Fault Detection and Diagnosis in Gas Turbines

[+] Author and Article Information
G. Merrington

Aeronautical Research Laboratory, Melbourne, Australia 3001

Oh-Kyu Kwon

Inha University, Inchon, Korea

G. Goodwin

Newcastle University, NSW, Australia 2308

B. Carlsson

Uppsala University, Uppsala, Sweden

J. Eng. Gas Turbines Power 113(2), 276-282 (Apr 01, 1991) (7 pages) doi:10.1115/1.2906559 History: Received January 24, 1990; Online April 24, 2008


Modern military aircraft are fitted with Engine Monitoring Systems (EMS), which have the potential to provide maintenance personnel with valuable information for diagnosing engine faults and assessing engine condition. In this study, analytical redundancy methods have been applied to gas turbine engine transient data with the view to extracting the desired fault information. The basic idea is to use mathematical models to interrelate the measured variables and then monitor the effects of fault conditions on the new estimates of the model parameters. In most of the existing literature the models used are assumed to be perfect with the primary source of error arising from the measurement noise. In the technique to be described, a new method of quantifying the effects of changes in the operating conditions is presented when simplified models are employed. The technique accounts for undermodeling effects and errors arising from linearization of an inherently nonlinear system. Results obtained show a marked improvement over those obtained with traditional methods.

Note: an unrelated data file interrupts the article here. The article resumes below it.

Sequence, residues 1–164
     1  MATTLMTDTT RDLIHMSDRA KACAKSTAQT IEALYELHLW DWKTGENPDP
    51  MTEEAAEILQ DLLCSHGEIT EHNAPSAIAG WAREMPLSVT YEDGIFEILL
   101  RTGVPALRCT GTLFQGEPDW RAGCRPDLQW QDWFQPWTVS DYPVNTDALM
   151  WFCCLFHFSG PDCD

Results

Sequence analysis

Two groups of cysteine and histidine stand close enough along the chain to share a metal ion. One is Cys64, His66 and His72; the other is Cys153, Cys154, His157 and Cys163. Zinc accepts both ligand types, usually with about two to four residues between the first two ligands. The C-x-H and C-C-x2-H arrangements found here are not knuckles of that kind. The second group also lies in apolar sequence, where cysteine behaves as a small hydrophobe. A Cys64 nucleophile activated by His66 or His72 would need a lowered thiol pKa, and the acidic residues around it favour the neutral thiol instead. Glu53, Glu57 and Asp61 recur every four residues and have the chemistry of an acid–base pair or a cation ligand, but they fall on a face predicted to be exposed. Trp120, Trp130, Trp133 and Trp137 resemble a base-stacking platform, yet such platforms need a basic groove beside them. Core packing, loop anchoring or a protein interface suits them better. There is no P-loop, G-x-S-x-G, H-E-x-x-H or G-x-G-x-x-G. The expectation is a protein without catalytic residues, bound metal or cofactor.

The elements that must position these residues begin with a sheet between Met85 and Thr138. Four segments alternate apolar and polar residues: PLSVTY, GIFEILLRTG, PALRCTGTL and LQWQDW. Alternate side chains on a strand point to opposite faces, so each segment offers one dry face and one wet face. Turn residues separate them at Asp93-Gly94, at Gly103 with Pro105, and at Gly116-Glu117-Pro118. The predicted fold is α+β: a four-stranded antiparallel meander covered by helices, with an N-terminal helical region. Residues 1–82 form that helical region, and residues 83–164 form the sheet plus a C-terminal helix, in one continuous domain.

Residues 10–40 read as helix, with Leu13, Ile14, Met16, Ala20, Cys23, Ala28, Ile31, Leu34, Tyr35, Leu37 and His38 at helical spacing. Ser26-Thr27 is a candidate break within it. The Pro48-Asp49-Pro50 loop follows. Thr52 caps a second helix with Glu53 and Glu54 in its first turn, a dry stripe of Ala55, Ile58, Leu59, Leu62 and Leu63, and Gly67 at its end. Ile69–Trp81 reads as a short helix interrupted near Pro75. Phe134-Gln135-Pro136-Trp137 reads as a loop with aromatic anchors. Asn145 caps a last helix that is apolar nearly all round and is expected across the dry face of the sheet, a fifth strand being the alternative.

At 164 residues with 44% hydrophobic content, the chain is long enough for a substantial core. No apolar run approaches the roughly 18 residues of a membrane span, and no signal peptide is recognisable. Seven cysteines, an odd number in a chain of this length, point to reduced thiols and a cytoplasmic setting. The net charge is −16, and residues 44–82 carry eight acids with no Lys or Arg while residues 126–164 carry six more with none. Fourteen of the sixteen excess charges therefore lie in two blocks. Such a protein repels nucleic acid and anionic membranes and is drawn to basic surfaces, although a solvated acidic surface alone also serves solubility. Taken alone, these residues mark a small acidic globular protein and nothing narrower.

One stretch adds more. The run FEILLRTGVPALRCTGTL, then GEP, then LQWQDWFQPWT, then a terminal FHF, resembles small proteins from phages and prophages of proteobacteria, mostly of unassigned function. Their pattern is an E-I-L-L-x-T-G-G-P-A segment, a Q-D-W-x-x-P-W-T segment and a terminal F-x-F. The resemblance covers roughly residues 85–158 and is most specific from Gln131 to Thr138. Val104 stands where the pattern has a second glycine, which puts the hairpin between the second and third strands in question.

Copyright © 1991 by The American Society of Mechanical Engineers
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